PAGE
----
Baseflows have declined for decades in the Lesser Himalaya but the causes are still debated. This paper compares variations in streamflow response over three years for two similar headwater catchments in northwest India with largely undisturbed (Arnigad) and highly degraded (Bansigad) oak forest. Hydrograph analysis suggested no catchment leakage, thereby allowing meaningful comparisons. The mean annual runoff coefficient for Arnigad was 54% (range 44–61%) against 62% (53–69%) at Bansigad. Despite greater total runoff Qt (by 250 mm year–1), baseflow at Bansigad ceased by March, but was perennial at Arnigad (making up 90% of Qt vs. 51% at Bansigad). Arnigad storm flows, Qs, were modest (8–11% of Qt) and occurred mostly during monsoons (78–98%), while Qs at Bansigad was 49% of Qt and occurred also during post-monsoon seasons. Our results underscore the importance of maintaining soil water retention capacity after forest removal to maintain baseflow levels.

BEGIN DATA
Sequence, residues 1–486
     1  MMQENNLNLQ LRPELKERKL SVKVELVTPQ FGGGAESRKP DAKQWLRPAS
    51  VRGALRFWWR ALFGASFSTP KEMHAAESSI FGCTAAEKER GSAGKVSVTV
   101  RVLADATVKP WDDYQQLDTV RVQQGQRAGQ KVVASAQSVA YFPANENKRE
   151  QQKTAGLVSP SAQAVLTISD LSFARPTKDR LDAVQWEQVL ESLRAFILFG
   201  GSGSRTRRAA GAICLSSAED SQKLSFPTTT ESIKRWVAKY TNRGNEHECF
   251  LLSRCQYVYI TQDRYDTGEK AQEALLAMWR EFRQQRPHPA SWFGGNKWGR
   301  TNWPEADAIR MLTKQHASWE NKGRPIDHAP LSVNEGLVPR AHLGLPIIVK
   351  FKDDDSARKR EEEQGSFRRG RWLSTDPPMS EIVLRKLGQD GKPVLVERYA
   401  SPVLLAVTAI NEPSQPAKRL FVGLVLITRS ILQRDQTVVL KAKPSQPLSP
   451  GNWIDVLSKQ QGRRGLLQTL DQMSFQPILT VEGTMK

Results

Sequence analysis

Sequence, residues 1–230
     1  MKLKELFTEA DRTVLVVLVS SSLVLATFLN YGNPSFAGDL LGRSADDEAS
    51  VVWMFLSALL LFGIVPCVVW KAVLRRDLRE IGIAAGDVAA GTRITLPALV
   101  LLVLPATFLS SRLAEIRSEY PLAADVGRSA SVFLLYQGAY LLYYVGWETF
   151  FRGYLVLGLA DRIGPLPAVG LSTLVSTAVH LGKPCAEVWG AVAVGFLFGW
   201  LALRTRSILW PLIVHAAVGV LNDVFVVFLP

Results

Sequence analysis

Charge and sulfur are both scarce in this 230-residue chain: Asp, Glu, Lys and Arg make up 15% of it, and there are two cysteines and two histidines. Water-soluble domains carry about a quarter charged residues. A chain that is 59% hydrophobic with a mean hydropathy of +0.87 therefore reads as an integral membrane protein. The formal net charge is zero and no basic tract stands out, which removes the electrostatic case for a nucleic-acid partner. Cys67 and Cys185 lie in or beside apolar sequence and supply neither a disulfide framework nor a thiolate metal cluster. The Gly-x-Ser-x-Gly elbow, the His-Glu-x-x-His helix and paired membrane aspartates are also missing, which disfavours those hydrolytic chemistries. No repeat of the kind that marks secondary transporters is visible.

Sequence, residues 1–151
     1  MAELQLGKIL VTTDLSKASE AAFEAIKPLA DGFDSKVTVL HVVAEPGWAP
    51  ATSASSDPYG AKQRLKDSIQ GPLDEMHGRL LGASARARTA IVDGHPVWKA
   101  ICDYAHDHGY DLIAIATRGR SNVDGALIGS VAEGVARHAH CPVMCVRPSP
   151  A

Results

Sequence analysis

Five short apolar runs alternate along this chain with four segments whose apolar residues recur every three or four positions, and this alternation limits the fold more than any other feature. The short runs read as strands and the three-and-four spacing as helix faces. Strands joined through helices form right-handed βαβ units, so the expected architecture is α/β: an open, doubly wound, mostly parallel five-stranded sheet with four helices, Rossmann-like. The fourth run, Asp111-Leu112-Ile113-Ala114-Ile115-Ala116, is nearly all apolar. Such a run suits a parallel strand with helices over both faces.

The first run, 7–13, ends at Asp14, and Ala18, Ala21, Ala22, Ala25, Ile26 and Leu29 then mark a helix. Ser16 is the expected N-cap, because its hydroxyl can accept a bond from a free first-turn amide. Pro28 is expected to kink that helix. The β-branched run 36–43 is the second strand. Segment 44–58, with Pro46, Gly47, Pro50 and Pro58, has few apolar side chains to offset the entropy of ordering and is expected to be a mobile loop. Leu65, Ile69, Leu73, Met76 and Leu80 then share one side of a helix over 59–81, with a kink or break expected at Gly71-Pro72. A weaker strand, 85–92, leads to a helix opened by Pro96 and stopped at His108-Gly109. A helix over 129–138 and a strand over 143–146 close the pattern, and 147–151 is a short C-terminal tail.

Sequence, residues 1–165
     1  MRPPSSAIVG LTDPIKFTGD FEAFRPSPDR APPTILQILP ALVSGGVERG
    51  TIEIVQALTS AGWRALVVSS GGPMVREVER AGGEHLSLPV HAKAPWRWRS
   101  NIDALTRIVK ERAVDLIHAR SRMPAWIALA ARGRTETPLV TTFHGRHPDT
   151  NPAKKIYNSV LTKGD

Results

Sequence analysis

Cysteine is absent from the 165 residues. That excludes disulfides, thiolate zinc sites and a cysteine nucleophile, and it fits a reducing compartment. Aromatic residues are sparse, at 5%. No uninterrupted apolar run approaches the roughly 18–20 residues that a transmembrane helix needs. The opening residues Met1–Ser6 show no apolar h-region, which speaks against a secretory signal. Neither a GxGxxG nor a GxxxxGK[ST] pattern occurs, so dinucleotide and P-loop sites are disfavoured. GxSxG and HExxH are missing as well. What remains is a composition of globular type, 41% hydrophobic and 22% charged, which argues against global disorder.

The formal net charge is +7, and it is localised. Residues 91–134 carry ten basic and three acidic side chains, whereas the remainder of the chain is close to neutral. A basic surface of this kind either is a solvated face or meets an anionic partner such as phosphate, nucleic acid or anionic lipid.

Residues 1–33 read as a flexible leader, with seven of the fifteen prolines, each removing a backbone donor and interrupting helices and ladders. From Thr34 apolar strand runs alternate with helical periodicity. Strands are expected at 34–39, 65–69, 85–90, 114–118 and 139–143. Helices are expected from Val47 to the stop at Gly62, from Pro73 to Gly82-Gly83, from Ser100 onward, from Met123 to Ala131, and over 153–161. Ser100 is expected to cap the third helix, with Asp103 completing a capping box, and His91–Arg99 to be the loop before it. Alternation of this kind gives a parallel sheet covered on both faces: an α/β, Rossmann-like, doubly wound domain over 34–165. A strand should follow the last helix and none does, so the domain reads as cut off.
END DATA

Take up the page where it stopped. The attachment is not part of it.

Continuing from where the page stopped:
Qazi, N. U. Q., Bruijnzeel, L. A., Rai, S. P., & Ghimire, C. P. (2017). Impact of forest degradation on streamflow regime and runoff response to rainfall in the Garhwal Himalaya, Northwest India. Hydrological sciences journal, 62(7), 1114-1130. https://doi.org/10.1080/02626667.2017.1308637